Yes, brand experience can be difficult, yet consistent delivery is one of the big prizes of brand stewardship; one of the golden threads that runs through your brand and connects with your target’s emotions.
I’ve always been fascinated by maps; I can lose myself in maps just as easily – and perhaps as ironically, as losing myself in the landscape. The detail, the contours, conveying 3 dimensions in 2 dimensions; the sense of personal discovery, even knowing that there’s rarely anything new to discover. Maps, unlike books, which as you turn the pages leave what was written behind as a memory, lay everything out in front of you to see. The past, the present and potential futures, right there.
But we tend to manage brands like we’re turning the pages of a book. The past is there, vaguely remembered, but as soon as the page is turned its tangible form, its vividness is lost; it’s not visible today as it was yesterday or 10 years ago. We plot the future with the past as an indistinct and selective memory. This is why with the churn of people that modern businesses have it’s very easy to justify changing a new course for a brand. Individual interpretation of what went before becomes more justifiable when the facts of what happened aren’t mapped out clear to see.
Maps then are a better way of thinking about how to build a brand if you are bothered about building a sustainable brand for the long term. Why?
A map shows the past. You may notice that a ‘weather forecast’ is often more of a ‘weather hindsight’ focusing most of the time on explaining what had happened rather than telling us what is going to happen. And it would be easy to think that a map merely shows the lie of the land today – in fact, they show the past and the present. They show the marks of man and the marks of nature.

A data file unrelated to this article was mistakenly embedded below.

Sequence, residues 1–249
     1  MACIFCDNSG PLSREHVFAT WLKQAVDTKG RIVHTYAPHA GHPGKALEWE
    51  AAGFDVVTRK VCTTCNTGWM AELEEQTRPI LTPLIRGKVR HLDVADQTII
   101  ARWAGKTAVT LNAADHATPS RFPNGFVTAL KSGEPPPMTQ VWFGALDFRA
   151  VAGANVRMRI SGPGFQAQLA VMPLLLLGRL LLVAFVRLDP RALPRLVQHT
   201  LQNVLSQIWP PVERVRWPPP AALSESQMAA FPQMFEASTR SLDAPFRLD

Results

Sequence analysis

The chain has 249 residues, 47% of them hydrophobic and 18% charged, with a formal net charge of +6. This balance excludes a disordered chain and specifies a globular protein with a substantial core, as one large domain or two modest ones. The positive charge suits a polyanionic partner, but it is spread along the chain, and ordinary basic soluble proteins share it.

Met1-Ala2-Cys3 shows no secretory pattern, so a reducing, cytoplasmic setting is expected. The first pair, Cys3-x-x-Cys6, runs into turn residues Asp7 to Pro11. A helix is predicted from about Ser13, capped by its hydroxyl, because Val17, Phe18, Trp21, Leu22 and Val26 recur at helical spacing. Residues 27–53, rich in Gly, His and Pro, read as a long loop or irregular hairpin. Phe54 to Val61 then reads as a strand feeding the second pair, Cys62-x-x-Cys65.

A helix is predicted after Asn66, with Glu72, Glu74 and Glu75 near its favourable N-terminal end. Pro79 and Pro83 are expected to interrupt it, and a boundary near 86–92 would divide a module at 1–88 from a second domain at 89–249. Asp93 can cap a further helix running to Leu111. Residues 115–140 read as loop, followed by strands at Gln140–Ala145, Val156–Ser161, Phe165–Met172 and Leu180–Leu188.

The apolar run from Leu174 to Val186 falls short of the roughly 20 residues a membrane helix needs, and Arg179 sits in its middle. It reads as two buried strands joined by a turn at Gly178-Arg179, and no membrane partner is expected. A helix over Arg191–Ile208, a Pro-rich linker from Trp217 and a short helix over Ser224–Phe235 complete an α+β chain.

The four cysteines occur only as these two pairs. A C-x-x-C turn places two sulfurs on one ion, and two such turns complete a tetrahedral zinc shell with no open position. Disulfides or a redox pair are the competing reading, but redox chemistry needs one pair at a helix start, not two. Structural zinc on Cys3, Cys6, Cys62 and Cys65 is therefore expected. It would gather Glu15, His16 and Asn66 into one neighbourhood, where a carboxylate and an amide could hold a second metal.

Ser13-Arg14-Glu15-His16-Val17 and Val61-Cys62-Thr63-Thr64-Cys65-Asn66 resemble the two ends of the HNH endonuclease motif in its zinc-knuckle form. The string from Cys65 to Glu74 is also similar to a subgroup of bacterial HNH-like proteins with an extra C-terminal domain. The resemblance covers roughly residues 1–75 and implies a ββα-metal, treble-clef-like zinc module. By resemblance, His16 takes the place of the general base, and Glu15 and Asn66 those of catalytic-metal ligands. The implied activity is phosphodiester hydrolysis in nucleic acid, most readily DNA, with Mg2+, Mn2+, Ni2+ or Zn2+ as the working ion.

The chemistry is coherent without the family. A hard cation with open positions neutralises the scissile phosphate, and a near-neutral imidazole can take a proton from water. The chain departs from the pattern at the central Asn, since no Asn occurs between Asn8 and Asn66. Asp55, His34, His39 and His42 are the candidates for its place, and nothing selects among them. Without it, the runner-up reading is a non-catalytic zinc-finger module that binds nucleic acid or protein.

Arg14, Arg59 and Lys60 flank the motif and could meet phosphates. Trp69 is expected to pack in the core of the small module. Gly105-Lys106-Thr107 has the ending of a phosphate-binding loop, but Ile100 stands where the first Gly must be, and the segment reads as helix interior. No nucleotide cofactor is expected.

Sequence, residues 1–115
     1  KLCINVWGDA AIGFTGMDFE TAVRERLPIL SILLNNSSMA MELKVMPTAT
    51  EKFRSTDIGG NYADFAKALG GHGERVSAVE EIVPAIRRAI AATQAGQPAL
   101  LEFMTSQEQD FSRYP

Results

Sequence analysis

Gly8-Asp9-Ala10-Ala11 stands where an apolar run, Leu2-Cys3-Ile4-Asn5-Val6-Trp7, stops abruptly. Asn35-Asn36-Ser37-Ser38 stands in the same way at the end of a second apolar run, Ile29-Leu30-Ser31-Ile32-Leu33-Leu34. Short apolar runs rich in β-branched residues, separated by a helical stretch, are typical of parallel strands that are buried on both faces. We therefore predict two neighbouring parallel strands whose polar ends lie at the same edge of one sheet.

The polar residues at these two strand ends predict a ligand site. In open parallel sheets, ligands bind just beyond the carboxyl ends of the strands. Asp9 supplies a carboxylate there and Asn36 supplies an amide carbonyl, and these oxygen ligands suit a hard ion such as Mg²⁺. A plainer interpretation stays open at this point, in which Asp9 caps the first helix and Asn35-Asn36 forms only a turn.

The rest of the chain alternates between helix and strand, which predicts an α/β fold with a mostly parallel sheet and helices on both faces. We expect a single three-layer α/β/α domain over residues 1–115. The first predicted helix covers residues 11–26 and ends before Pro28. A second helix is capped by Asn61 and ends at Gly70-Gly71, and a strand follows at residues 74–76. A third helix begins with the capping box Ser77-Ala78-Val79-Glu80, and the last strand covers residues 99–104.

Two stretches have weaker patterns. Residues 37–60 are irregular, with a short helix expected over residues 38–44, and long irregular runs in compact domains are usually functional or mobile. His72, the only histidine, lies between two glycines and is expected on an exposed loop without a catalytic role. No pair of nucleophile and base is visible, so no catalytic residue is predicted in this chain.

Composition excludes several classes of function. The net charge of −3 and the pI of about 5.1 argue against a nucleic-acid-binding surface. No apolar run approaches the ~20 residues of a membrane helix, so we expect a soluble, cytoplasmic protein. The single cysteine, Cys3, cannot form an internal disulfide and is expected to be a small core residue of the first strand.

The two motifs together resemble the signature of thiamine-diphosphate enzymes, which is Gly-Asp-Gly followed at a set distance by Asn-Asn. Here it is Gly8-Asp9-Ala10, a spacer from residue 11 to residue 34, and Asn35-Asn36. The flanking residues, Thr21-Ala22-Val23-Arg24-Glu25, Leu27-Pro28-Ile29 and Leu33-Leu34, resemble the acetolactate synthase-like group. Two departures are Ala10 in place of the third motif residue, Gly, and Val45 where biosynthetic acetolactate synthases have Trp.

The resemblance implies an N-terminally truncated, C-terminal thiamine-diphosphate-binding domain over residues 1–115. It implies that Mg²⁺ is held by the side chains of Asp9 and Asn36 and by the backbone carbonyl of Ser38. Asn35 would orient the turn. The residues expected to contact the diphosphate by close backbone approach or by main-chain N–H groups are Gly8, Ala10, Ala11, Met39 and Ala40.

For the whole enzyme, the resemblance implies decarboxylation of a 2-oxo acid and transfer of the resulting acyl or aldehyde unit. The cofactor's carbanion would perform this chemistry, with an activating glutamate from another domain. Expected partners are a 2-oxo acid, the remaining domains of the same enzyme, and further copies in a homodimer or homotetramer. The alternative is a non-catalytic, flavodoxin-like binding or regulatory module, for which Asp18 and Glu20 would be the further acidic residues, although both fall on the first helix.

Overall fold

And as we look at a brand today and we audit it’s various touch-points and assets, so too is it easy to forget the marks of the past. Yesterday’s brand custodians ran activity that built the franchise. Today’s brand custodians should look for those foundations and build from there. Sure, as you dig, there will be a lot of detritus to sweep away but buried there will be the foundations, still strong, still supporting the brand today. Part of stewarding a brand is to log the activity; the learnings and reveal it, share it – ensuring that tacit individual knowledge becomes organisational learning. The brand’s past becomes a tangible asset deployable by the brand to its future advantage.
A map illuminates today. Like a map of the landscape, categories and brands have a terrain that can be mapped too: that of competitors, customers, consumer, the company and its context (shopper dynamics, legislative changes and so on). Cognisant of the past, a mapping approach builds more certainty and confidence over where you are today and how that is perceived relative to other factors. Mapping the past makes your future brand strategy more likely to be distinctive and defensible.